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News commentary: Tight credit slowly chokes equipment purchases

Article-News commentary: Tight credit slowly chokes equipment purchases

News commentary: Tight credit slowly chokes equipment purchases
Rejected plant


John Kalkowski-Editorlal DirectorIndustry is now nearly two years into one of the worst recessions of all time. Within the last year, the federal government has poured nearly one trillion dollars into the capital markets to stabilize Wall Street and the big banks, keeping credit available so that the economy doesn't seize up entirely.

However, the billions in To Assist and Repair Profits (TARP) funds somehow never trickled down to small- and medium-sized businesses supposed to be the drivers reviving the economy. After all, it's estimated that small businesses have created two-thirds of the net payroll growth in the U.S. since 1990.

So, packagers and their equipment suppliers remain strapped with cash constraints, tight capital budgets and few places to turn for financing to make investments for the future. It's a Catch-22. If you can't buy the latest packaging technology, it's difficult to stay competitive.

Over the years, many packagers carefully planned their investments and funded capital purchases with cash from operations. Stagnant sales make that difficult today. Now, just when they need them the most, traditional sources of funding have dried up. Many packagers first would turn to their local banks and then consider loans from specialty firms. Suppliers are often being asked to share the burden through creative, extended terms, but they are also facing cash-flow problems that limit their ability to help. Equipment leasing is another option for about 5 percent of the packaging market.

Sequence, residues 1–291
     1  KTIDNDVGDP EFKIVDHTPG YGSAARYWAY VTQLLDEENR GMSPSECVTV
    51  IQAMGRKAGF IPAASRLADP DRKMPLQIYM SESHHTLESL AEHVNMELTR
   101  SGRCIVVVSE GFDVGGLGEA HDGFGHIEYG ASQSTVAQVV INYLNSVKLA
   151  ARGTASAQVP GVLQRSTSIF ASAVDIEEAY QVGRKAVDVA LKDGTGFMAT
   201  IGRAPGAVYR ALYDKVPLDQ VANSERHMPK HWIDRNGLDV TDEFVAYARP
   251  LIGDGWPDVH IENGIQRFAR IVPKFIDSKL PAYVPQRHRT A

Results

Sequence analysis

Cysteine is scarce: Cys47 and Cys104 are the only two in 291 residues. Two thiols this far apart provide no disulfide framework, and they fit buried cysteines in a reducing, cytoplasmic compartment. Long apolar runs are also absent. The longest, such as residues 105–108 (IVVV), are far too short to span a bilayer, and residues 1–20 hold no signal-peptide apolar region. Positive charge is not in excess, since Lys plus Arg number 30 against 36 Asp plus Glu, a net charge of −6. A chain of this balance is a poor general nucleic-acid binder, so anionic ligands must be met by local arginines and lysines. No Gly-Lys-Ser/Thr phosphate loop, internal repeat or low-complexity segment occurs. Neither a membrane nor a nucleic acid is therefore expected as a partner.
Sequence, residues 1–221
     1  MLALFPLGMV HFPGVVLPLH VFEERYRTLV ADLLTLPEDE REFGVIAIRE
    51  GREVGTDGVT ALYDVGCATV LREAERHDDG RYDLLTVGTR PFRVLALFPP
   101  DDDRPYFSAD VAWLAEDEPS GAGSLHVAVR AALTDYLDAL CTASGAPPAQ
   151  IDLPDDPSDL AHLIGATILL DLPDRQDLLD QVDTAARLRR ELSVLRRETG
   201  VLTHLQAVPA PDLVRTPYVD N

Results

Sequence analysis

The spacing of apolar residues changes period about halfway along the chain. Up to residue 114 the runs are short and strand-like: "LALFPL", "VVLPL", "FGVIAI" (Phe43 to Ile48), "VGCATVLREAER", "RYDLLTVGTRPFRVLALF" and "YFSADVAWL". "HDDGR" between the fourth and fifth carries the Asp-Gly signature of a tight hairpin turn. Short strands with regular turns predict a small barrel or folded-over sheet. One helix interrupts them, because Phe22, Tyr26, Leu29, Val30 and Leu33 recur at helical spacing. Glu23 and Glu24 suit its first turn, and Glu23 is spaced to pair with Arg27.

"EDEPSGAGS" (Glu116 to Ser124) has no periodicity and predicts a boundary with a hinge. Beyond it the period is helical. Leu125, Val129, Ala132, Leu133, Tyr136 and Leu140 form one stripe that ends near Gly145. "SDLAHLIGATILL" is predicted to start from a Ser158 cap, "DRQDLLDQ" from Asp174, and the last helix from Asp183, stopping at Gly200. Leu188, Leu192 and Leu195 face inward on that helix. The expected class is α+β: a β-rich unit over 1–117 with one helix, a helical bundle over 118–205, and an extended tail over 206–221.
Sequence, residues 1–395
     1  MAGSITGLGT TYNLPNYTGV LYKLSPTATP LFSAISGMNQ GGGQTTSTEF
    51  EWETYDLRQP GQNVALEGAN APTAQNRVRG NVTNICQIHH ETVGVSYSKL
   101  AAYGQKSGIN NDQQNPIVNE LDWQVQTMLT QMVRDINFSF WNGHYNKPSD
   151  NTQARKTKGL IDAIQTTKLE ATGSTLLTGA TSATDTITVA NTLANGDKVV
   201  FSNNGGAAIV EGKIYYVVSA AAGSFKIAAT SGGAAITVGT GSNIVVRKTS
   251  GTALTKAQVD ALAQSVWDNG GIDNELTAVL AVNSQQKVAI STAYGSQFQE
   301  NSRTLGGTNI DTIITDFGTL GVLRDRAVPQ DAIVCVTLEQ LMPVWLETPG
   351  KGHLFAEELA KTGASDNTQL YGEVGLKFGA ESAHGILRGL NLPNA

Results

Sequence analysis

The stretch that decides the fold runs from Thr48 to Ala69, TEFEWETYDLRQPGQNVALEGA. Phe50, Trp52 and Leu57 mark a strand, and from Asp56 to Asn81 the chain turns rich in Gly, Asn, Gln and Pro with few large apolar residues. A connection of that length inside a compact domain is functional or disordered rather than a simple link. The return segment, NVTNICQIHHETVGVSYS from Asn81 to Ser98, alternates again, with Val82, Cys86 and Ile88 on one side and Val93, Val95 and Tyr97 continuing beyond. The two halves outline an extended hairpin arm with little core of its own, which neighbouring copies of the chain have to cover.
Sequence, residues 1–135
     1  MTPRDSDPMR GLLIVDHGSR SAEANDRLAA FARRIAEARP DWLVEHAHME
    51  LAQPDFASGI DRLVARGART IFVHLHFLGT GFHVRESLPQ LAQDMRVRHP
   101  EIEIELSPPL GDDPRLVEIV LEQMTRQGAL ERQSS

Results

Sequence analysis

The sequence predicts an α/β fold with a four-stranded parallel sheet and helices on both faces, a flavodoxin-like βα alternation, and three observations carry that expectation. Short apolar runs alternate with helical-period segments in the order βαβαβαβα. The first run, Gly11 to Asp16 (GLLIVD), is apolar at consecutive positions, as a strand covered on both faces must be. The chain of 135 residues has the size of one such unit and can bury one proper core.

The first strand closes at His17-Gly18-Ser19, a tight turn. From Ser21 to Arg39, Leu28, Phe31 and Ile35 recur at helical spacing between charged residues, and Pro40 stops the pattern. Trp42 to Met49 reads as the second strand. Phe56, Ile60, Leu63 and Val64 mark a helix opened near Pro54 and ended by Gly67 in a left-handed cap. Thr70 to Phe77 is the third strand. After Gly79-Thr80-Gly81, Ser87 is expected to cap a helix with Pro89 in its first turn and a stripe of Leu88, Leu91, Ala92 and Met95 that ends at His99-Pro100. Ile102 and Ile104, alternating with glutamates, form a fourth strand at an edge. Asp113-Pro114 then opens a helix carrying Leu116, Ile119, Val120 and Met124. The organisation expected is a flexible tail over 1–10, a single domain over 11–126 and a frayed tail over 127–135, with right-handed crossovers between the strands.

Today, financing is not that expensive; it's just tough to get, as lenders increasingly are unwilling to make risky bets on startups and small businesses. The application process is becoming more difficult and time-consuming. One industry insider says new businesses especially are getting clobbered, as lenders want to see long, clean credit histories. Even then, some contract packagers who plan to install lines to gain new business are being asked for financial cross-guarantees from their end-user customers.

One good source for financing is the Small Business Administration, which can gurantee up to 90 percent of a loan's amount. However, SBA loan volume also dropped in 2009, partially due to the complicated process and banks' reluctance to participate in the program. The federal government must do more to help all small businesses, including those in packaging. This should come from streamlined processes, financing guarantees and extensions of tax credits. It's time to let your government representatives know they must act now, or we'll all pay later.


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